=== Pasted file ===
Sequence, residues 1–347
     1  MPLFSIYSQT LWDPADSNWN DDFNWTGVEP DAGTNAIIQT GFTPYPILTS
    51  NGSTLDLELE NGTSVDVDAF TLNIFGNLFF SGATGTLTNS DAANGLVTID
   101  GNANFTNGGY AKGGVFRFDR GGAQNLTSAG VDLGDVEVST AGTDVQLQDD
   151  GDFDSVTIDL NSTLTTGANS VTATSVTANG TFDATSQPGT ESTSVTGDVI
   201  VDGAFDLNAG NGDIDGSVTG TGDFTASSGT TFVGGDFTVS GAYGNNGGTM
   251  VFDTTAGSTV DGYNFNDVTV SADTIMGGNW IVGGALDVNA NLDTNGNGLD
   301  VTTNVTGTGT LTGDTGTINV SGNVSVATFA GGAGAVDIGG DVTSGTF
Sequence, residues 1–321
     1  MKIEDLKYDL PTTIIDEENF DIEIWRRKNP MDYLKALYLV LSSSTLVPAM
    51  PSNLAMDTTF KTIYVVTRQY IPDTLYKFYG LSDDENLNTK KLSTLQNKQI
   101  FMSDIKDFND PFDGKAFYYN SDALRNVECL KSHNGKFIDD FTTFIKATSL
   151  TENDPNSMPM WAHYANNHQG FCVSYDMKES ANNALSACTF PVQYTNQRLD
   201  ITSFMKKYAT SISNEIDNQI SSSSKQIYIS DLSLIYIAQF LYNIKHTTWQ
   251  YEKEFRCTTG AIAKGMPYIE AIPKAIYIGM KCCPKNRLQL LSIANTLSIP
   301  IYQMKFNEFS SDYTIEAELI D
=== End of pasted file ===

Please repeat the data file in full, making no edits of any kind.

Sequence, residues 1–347
     1  MPLFSIYSQT LWDPADSNWN DDFNWTGVEP DAGTNAIIQT GFTPYPILTS
    51  NGSTLDLELE NGTSVDVDAF TLNIFGNLFF SGATGTLTNS DAANGLVTID
   101  GNANFTNGGY AKGGVFRFDR GGAQNLTSAG VDLGDVEVST AGTDVQLQDD
   151  GDFDSVTIDL NSTLTTGANS VTATSVTANG TFDATSQPGT ESTSVTGDVI
   201  VDGAFDLNAG NGDIDGSVTG TGDFTASSGT TFVGGDFTVS GAYGNNGGTM
   251  VFDTTAGSTV DGYNFNDVTV SADTIMGGNW IVGGALDVNA NLDTNGNGLD
   301  VTTNVTGTGT LTGDTGTINV SGNVSVATFA GGAGAVDIGG DVTSGTF
Sequence, residues 1–321
     1  MKIEDLKYDL PTTIIDEENF DIEIWRRKNP MDYLKALYLV LSSSTLVPAM
    51  PSNLAMDTTF KTIYVVTRQY IPDTLYKFYG LSDDENLNTK KLSTLQNKQI
   101  FMSDIKDFND PFDGKAFYYN SDALRNVECL KSHNGKFIDD FTTFIKATSL
   151  TENDPNSMPM WAHYANNHQG FCVSYDMKES ANNALSACTF PVQYTNQRLD
   201  ITSFMKKYAT SISNEIDNQI SSSSKQIYIS DLSLIYIAQF LYNIKHTTWQ
   251  YEKEFRCTTG AIAKGMPYIE AIPKAIYIGM KCCPKNRLQL LSIANTLSIP
   301  IYQMKFNEFS SDYTIEAELI D